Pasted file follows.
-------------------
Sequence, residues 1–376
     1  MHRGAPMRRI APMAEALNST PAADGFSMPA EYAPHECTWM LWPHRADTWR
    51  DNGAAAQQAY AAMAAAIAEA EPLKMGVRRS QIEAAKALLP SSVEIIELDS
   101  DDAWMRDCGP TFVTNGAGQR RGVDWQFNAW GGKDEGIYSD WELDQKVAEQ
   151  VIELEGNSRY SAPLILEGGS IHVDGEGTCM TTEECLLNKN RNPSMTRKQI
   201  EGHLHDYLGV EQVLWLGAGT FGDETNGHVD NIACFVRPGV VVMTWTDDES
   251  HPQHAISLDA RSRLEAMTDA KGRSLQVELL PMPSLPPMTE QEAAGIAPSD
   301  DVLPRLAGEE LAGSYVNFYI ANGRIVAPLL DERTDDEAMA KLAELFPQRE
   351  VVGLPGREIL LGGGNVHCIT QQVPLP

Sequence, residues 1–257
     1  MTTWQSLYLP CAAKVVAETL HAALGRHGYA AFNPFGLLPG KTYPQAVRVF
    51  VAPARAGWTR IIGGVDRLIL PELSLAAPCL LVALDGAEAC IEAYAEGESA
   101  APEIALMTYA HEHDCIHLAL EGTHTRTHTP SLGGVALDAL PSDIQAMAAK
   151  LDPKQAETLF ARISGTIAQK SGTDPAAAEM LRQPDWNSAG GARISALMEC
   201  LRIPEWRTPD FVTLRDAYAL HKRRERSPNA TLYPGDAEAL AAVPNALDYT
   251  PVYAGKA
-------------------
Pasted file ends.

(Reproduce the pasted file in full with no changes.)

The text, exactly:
Sequence, residues 1–376
     1  MHRGAPMRRI APMAEALNST PAADGFSMPA EYAPHECTWM LWPHRADTWR
    51  DNGAAAQQAY AAMAAAIAEA EPLKMGVRRS QIEAAKALLP SSVEIIELDS
   101  DDAWMRDCGP TFVTNGAGQR RGVDWQFNAW GGKDEGIYSD WELDQKVAEQ
   151  VIELEGNSRY SAPLILEGGS IHVDGEGTCM TTEECLLNKN RNPSMTRKQI
   201  EGHLHDYLGV EQVLWLGAGT FGDETNGHVD NIACFVRPGV VVMTWTDDES
   251  HPQHAISLDA RSRLEAMTDA KGRSLQVELL PMPSLPPMTE QEAAGIAPSD
   301  DVLPRLAGEE LAGSYVNFYI ANGRIVAPLL DERTDDEAMA KLAELFPQRE
   351  VVGLPGREIL LGGGNVHCIT QQVPLP

Sequence, residues 1–257
     1  MTTWQSLYLP CAAKVVAETL HAALGRHGYA AFNPFGLLPG KTYPQAVRVF
    51  VAPARAGWTR IIGGVDRLIL PELSLAAPCL LVALDGAEAC IEAYAEGESA
   101  APEIALMTYA HEHDCIHLAL EGTHTRTHTP SLGGVALDAL PSDIQAMAAK
   151  LDPKQAETLF ARISGTIAQK SGTDPAAAEM LRQPDWNSAG GARISALMEC
   201  LRIPEWRTPD FVTLRDAYAL HKRRERSPNA TLYPGDAEAL AAVPNALDYT
   251  PVYAGKA